The name 'Sandal' derives from the Old Norse sandr meaning sand or gravel and healh, a meadow.
The village is two miles south of Wakefield and eight miles north of Barnsley, and thirty miles from the county town, York. It belongs to the Agbrigg and Morley Wapentake, and was long in the Liberty of Wakefield. Sandal sits on the south side of the River Calder on the road from Wakefield to Barnsley and its parish covers 1,700 acres. The main road through Sandal is the A61 Wakefield to Barnsley road.
The Battle of Wakefield was fought here in the 15th century during the Wars of the Roses.
In the Domesday Book of 1086 Sandal is recorded as a berewic (a village where barley was grown) in Wachefeld (Wakefield) where there was a church with a priest. The church was on the site of the present church of St Helen.
William de Warenne, 2nd Earl of Surrey (1081–1138) was granted the Sandal estates in 1107 and began the building of Sandal Castle which became the baronial seat of the lords of the manor of Wakefield.
In 1460, during the Wars of the Roses, Richard Plantagenet, Duke of York was killed on 30 December in the Battle of Wakefield between Sandal Castle and St Helens Church.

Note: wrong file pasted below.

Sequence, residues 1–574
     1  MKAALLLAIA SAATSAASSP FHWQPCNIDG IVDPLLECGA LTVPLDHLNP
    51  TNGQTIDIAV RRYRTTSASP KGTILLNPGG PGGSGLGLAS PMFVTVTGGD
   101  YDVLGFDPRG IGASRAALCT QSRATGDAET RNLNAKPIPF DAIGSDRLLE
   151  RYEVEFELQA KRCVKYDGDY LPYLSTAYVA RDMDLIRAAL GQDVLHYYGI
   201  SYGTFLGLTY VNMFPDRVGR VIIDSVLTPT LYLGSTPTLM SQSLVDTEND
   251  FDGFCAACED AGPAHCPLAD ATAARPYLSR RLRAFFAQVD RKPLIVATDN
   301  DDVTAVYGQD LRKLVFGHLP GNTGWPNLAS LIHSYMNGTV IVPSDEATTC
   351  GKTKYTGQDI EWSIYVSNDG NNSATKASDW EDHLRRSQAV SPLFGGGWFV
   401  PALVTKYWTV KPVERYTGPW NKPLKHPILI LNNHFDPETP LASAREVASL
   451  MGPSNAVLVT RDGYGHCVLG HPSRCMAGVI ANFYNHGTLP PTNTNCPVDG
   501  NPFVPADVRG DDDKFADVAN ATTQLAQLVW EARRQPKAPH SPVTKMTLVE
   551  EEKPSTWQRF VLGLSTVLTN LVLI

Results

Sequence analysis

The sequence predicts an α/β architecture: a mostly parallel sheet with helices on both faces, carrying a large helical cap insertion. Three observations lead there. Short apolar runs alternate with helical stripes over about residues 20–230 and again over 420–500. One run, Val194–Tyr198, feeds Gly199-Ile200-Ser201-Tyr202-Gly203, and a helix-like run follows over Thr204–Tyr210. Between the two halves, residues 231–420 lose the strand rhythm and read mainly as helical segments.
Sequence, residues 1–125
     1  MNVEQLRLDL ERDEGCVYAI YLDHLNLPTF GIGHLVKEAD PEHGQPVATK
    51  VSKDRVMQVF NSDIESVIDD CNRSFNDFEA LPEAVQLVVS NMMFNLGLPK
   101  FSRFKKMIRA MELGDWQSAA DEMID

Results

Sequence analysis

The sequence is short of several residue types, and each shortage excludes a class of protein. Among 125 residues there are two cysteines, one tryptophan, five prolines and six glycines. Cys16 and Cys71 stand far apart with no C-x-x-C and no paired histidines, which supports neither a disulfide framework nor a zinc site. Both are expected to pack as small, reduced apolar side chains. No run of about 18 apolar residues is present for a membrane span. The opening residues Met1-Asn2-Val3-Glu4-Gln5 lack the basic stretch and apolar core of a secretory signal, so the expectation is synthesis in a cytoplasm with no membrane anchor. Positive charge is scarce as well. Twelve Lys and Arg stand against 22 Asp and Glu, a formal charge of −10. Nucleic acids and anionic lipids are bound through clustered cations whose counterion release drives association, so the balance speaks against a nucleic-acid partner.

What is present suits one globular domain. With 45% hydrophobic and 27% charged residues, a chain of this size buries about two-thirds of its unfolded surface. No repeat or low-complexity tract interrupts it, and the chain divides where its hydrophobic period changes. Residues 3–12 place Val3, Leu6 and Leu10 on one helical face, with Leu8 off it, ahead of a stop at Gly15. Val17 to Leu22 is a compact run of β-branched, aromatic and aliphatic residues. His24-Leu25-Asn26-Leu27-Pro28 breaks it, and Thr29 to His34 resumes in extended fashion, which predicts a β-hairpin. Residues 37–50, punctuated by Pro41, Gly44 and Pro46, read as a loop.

There are records of mining for coal and quarrying for stone in the 14th century.
The highwayman, John Nevison was arrested on 6 March 1684 at the Three Houses Inn and tried for the murder of Darcy Fletcher, a constable who had tried to arrest him near Howley Hall at Soothill in Batley.
Sandal Magna's church is dedicated to St Helen, otherwise known as the Enmpress Helena, the mother of Constantine the Great.
At the time of the Norman Conquest Sandal Church was a possession of the crown. The Saxon church was recorded as one of two churches in the Wakefield manor in the Domesday Book of 1086. In about 1150 the first church was replaced by a second church in the shape of a Latin cross by Earl Warenne of Sandal Castle. It was enlarged in about 1180 and almost completely rebuilt in the first half of the 14th century. The church was altered and extended after 1505 and the present church extensively restored and enlarged in 1872.
- Walker 1966, p. 39
- Sandall, Great (St. Helen) – A Topographical Dictionary of England
- The Battle of Wakefield 1460, www.wars-of-the-roses.com, http://www.wars-of-the-roses.com/content/battles/wakefield.htm, retrieved 2009-05-07
- Walker 1966, p. 42
- Butler 1966, p. 19
- Sandal Castle, www.richard111.com, http://www.richard111.com/sandal_castle.htm, retrieved 2009-05-07
- Walker 1966, p. 105
- Wales, Tim, "Nevison [Nevinson, John [William] (d. 1684), highwayman"], Oxford Dictionary of National Biography (Oxford University Press), http://www.oxforddnb.com/view/article/19970, retrieved 12 April 2013
- Church History, Sandal Magna Church, http://www.sandalmagna.com/index.php?ids=41x0x1x1xaxxxnxx, retrieved 2010-03-12
- Butler, Lawrence (1991), Sandal Castle, Wakefield, Wakefield Historical Publications, ISBN 0901869317
- Walker, J.W. (1966), Wakefield its History and People Vol.1&2 3rd Edn, S.R. Publishers